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Social licence and value proposition

Credit: J Dunlop

Increasing knowledge to mitigate cat impacts on biodiversity: Research Program Focal Area 1 – Social licence and value proposition

Addressing research priorities

Would you like to undertake high-impact research that really makes a difference? WABSI consults extensively with end users and stakeholders to identify priority biodiversity science knowledge needs. This helps us develop timely and relevant programs that address critical needs and have a strong pathway to adoption.

Developing projects that address key end user priorities can help maximise project funding opportunities and will lift the impact of your research.

To work with the WABSI collaboration of partners in addressing priority issues, submit a project abstract(Please demonstrate a clear alignment with one or more priority knowledge gaps.)

Focal Area 1 – Social licence and value proposition

Broad acceptance of cat management approaches and their justification, leading to more
effective contributions by the public and stakeholder groups in cat management

Evidence-based information to support links between feral, semi-domestic and domestic cats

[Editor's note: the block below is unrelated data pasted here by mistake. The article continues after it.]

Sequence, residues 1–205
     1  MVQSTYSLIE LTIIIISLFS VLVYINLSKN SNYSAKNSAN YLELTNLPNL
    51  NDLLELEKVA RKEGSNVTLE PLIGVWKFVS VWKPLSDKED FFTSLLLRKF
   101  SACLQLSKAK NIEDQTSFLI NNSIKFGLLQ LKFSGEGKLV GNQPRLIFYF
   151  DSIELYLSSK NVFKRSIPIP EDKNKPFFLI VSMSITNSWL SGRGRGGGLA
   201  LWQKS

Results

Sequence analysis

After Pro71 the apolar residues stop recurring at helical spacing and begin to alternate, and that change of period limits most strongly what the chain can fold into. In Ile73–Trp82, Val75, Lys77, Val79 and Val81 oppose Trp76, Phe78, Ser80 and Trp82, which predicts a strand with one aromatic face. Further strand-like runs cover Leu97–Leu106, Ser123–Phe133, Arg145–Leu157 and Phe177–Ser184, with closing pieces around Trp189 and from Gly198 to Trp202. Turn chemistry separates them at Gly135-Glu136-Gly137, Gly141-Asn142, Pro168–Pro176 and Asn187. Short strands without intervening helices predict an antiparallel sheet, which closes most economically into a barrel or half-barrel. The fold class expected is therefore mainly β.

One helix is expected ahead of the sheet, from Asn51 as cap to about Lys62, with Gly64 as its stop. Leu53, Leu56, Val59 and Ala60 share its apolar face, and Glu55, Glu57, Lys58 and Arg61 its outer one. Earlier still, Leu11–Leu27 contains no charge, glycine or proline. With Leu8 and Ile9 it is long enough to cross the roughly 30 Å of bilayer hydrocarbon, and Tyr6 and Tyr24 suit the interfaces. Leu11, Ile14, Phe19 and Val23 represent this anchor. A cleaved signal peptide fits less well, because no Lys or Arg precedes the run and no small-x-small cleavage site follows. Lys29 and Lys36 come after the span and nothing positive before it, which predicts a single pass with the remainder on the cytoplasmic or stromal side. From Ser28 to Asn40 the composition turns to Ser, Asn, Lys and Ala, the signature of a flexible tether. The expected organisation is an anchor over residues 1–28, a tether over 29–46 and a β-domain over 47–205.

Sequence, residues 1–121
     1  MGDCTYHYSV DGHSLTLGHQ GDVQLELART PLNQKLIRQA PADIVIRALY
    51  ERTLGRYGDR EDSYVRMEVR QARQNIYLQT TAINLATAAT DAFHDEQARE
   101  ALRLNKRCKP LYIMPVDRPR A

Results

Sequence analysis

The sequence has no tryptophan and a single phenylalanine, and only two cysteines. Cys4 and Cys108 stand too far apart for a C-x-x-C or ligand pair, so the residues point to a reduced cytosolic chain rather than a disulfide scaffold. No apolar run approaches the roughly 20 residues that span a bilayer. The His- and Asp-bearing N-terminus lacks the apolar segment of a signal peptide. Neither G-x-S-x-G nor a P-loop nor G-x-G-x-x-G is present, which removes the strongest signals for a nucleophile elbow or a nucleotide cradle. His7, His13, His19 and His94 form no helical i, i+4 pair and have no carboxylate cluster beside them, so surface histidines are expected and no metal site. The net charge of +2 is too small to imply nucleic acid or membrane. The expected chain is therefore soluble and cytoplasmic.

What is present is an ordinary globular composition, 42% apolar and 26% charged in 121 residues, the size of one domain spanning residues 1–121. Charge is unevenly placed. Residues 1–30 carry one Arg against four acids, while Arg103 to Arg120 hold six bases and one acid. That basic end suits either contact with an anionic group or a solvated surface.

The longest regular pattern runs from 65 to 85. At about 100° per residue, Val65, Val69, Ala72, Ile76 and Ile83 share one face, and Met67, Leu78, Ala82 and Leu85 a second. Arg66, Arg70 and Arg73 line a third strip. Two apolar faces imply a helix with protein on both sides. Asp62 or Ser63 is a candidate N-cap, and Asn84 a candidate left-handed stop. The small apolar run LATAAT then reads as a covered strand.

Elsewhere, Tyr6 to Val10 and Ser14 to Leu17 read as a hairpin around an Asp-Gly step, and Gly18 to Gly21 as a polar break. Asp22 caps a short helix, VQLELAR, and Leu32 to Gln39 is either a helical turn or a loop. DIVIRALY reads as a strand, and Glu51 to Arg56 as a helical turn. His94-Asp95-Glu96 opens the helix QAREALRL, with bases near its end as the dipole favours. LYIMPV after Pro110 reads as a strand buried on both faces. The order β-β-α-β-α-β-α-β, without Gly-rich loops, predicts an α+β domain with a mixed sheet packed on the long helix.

underpins social licence and public acceptance of the importance of responsible pet ownership

Improved understanding of the significance of cats to Indigenous communities and land

Increased awareness of the impact of cat predation on native fauna, including incorporating the
welfare of native animals preyed upon by cats into the assessment of feral cat management

An improved understanding of the economics of feral cat management, taking into account
variation in control methods, landscape context and impact variability, and financial impact on
Determine how to address and manage the issues that impede the widespread acceptance of cat
control, including definitions and control targets, the lack of awareness of cat predation impacts
on native fauna, and the lack of awareness of the health impacts of cat-vectored diseases

Assess the value and impacts of cats to Indigenous culture, and the role of the Indigenous
community in cat management

Determine the current extent of social licence to support current and emerging methods to
control feral cats in Western Australia and then either secure and maintain it or develop and
maintain it

Achieve a clearer value proposition via a cost-benefit analysis of different control methods that
examines efficiency, effectiveness and animal welfare

1. Improving community understanding and involvement

2. Social licence to support existing and novel control

3. Economics of cat management and control

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